Eliminating fines saves money for Heights Libraries

Circulation Manager Ty Emerson checks a customer's account.

In January 2018, Heights Libraries stopped charging overdue fees. The move was part of an overall shift in focus from restrictions and chastisement to forgiveness and easier access to materials and services.

“All we really want is for folks to return physical items so they can be recirculated,” said Circulation Manager Ty Emerson. “The elimination of fines makes that the focus of our interaction with customers with overdue items, as opposed to scolding and growing fines and fees, so they are more comfortable bringing the items back.”

Half a year later, the new fine-free policy has benefitted not just the pocketbooks and wallets of customers, but also the library’s bottom line.

“We receive reports from our collection agency detailing how much money and materials we receive back per month through their efforts,” said Emerson. “Because we were no longer requiring overdue fees be paid, we were expecting to see a loss of cash revenue, but the actual cash driven in from our collection agency increased from January to May by $3,785 over last year. And the value of material returned to us more than doubled, from $39,716 to $88,891. That’s $49,175 worth of materials we did not have to pay to replace.”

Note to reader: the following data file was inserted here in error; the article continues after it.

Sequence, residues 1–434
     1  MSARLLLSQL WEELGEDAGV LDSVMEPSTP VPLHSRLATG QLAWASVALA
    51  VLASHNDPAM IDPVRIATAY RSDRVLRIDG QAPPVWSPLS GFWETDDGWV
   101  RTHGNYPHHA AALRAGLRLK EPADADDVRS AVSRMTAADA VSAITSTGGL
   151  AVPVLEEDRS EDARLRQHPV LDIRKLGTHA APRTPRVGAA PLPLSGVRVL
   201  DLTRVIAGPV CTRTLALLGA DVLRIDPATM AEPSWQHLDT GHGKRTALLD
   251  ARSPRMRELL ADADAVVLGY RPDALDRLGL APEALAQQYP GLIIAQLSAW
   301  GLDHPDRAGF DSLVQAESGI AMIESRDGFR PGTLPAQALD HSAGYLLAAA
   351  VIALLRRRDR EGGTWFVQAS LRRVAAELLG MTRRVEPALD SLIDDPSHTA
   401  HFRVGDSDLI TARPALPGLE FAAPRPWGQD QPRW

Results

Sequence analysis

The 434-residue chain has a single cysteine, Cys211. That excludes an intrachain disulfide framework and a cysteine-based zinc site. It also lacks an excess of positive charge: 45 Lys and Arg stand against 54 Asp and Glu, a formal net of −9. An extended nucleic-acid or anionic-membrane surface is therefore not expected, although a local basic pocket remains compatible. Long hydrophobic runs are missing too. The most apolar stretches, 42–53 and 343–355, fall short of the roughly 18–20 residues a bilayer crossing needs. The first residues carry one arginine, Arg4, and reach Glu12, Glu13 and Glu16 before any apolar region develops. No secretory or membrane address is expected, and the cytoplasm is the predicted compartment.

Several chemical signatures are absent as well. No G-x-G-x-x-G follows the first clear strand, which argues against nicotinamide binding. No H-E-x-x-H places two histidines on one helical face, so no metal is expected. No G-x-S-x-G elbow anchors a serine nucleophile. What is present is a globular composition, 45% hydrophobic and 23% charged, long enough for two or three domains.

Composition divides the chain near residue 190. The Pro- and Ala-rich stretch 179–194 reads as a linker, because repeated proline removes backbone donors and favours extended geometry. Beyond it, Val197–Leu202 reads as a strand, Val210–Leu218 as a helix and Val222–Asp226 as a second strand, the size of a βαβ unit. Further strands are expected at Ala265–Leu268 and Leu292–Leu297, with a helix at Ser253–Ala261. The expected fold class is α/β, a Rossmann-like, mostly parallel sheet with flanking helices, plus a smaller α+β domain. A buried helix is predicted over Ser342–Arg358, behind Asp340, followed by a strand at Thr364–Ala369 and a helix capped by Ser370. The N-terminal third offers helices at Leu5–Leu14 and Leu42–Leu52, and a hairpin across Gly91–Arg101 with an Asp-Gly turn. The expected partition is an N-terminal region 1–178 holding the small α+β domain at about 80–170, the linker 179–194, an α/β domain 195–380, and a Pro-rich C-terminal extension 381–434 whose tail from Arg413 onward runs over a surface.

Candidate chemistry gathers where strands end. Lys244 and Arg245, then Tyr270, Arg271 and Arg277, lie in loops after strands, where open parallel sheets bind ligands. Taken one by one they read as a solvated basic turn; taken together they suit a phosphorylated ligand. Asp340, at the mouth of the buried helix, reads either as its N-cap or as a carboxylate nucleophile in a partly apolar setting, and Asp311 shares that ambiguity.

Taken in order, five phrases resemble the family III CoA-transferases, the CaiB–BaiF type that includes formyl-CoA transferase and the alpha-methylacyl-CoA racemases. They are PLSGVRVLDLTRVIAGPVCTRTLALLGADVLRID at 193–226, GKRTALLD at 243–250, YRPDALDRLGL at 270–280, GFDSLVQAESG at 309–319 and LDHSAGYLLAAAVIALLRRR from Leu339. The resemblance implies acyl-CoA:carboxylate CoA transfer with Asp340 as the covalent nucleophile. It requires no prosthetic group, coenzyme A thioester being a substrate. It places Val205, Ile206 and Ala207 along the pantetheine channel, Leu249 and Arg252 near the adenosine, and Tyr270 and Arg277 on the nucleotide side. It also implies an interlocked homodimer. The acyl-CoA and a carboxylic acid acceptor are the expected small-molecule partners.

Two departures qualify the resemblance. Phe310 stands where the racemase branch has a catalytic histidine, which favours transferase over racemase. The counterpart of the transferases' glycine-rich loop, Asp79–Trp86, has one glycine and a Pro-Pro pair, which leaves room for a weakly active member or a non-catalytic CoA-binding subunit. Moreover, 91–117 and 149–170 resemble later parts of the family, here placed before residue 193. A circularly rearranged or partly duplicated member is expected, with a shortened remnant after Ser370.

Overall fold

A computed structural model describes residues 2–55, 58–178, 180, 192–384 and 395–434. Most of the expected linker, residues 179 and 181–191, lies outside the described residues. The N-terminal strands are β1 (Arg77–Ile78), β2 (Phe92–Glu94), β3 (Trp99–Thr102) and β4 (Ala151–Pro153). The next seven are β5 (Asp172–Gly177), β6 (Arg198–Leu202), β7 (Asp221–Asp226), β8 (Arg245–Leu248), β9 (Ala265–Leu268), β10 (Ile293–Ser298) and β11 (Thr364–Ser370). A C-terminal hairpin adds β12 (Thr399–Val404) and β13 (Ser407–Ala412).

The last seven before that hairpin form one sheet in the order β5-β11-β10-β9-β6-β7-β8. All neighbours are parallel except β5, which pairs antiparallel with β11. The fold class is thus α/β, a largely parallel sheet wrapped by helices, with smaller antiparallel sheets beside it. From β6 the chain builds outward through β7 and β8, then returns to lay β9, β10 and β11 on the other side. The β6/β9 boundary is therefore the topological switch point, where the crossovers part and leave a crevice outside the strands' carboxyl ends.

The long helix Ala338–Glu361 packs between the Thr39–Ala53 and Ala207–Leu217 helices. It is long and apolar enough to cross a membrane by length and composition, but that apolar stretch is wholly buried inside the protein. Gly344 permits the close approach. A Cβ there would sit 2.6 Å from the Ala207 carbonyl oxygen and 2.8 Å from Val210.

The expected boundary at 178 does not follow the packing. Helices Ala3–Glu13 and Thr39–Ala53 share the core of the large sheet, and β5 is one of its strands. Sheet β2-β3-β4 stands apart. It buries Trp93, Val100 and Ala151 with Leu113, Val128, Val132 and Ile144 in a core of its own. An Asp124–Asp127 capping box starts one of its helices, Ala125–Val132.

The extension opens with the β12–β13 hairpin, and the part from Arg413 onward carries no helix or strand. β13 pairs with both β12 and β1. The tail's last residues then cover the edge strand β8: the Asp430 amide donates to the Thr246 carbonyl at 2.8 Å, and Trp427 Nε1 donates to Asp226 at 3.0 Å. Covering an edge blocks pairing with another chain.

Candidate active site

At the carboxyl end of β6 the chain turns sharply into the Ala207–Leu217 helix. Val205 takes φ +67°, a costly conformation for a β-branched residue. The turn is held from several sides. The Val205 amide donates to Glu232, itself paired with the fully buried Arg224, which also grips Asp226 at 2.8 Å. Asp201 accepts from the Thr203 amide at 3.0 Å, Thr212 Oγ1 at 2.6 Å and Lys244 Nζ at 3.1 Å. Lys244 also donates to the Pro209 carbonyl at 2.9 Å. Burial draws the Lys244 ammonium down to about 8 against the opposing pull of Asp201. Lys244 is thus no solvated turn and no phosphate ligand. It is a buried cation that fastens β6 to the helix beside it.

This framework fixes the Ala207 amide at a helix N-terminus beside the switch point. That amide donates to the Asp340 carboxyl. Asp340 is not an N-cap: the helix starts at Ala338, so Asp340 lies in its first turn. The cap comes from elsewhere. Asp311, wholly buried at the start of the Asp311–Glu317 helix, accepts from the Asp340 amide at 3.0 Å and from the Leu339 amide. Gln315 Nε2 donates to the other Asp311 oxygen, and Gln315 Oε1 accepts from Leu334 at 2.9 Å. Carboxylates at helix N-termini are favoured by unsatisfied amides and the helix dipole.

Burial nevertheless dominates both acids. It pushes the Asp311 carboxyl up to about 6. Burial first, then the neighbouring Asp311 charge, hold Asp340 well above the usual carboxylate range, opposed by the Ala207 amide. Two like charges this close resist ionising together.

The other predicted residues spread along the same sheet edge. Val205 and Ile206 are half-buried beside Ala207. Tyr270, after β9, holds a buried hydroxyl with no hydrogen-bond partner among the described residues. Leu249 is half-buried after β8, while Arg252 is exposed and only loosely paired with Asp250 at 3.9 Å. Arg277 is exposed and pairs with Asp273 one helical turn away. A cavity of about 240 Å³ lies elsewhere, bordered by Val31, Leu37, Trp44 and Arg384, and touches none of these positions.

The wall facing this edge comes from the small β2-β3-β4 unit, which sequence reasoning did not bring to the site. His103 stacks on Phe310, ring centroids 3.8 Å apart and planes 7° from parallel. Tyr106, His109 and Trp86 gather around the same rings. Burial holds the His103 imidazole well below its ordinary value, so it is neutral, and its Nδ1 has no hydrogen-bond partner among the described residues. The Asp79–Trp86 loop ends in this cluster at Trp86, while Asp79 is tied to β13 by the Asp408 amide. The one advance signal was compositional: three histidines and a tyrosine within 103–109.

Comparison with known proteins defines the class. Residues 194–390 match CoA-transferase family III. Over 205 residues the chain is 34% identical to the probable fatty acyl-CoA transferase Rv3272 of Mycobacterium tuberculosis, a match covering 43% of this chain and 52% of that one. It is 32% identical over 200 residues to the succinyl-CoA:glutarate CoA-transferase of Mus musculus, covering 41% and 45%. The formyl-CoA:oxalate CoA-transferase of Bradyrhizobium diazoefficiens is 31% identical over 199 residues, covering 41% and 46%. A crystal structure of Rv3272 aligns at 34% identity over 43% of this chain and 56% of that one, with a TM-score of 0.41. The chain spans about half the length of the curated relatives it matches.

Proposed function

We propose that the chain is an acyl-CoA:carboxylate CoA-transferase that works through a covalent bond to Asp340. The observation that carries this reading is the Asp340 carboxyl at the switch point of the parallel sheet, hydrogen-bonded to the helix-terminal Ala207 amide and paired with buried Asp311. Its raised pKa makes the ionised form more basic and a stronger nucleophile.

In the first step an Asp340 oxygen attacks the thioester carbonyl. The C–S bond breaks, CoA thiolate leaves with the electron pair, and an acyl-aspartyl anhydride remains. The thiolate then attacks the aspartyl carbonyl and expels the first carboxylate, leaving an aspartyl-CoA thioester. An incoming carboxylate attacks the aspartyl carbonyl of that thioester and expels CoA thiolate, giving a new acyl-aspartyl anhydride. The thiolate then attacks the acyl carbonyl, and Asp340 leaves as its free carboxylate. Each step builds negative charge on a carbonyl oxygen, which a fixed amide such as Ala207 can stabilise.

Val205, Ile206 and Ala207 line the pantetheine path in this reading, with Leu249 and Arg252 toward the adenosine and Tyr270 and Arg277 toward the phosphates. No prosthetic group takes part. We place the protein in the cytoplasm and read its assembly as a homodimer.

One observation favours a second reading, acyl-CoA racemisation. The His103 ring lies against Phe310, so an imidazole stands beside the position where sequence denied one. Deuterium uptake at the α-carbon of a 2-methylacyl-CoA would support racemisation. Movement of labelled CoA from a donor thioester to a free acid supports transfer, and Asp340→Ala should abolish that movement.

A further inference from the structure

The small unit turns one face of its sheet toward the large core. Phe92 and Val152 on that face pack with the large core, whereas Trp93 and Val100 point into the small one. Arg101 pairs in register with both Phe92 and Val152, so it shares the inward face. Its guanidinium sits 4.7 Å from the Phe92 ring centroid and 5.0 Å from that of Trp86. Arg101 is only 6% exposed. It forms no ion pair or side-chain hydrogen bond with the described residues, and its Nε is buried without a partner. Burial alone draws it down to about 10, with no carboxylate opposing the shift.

If an item is so late that it is considered lost, the account is turned over to a collection agency to help retrieve the material. Emerson believes that customers whose accounts have been turned over to the collection agency have now learned that, instead of having hundreds of dollars of fines to pay, they can just return the items and pay a $10 fee to cover the agency’s costs.

Customers still see fines accumulating on overdue items, but when those items are returned, the fines are wiped from the accounts.

The fine-free policy does have some restrictions, and it only applies to items owned by Heights Libraries. Through its membership in the CLEVNET consortium, Heights Libraries customers have access to items at other participating Northeast Ohio libraries via a hold system. If a customer borrows an item from a library that charges fines, the customer must pay those fines—Heights Libraries cannot waive them. This applies to any item obtained through the interlibrary loan service, as well.

“Response has been great,” said Emerson. “We’ve begun to see it reflected in our circulation numbers.”

Over the last few years, Heights Libraries’ circulation numbers have been dropping roughly 5 percent each year, but that trend has reversed since the fine-free policy was implemented. A comparison of March 2018 and March 2016 numbers shows nearly identical numbers, with 2018 a mere 0.87 percent lower than 2016.

“People feel welcome, and forgiven,” noted Emerson, “so they’re coming back and checking out lots of materials. And bringing them back.”

Sheryl Banks

Sheryl Banks is the communications manager for the Cleveland Heights-University Heights Public Library System.

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Volume 11, Issue 9, Posted 9:47 AM, 08.14.2018